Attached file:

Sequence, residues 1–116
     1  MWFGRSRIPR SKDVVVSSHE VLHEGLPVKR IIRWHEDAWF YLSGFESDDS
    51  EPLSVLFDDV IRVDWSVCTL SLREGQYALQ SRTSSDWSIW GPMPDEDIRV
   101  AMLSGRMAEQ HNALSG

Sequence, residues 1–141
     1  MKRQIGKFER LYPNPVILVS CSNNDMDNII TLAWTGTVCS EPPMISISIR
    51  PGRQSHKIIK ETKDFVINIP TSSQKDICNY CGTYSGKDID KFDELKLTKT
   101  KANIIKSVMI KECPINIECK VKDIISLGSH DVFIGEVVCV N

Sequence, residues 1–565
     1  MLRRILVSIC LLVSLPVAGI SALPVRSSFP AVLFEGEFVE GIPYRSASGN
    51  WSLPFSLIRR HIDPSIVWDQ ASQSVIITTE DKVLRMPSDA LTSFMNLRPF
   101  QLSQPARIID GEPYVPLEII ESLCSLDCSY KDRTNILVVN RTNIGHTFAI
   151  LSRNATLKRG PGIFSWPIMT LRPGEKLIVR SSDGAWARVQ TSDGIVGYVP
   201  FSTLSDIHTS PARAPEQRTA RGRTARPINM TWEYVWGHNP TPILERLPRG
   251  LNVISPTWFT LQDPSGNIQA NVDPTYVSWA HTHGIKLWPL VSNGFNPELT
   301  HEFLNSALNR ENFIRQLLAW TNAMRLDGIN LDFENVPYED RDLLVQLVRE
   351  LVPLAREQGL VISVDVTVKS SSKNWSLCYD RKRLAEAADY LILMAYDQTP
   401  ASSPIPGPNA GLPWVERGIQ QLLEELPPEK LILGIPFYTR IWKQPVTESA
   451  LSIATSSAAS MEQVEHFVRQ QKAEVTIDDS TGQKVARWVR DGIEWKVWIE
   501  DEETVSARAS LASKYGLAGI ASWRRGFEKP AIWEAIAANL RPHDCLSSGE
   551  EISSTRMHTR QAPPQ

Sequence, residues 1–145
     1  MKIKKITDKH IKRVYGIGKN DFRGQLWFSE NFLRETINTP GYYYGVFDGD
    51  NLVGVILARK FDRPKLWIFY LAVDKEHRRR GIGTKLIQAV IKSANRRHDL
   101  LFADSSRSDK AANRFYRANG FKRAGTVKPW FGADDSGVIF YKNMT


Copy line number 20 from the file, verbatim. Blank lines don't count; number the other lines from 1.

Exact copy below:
   501  DEETVSARAS LASKYGLAGI ASWRRGFEKP AIWEAIAANL RPHDCLSSGE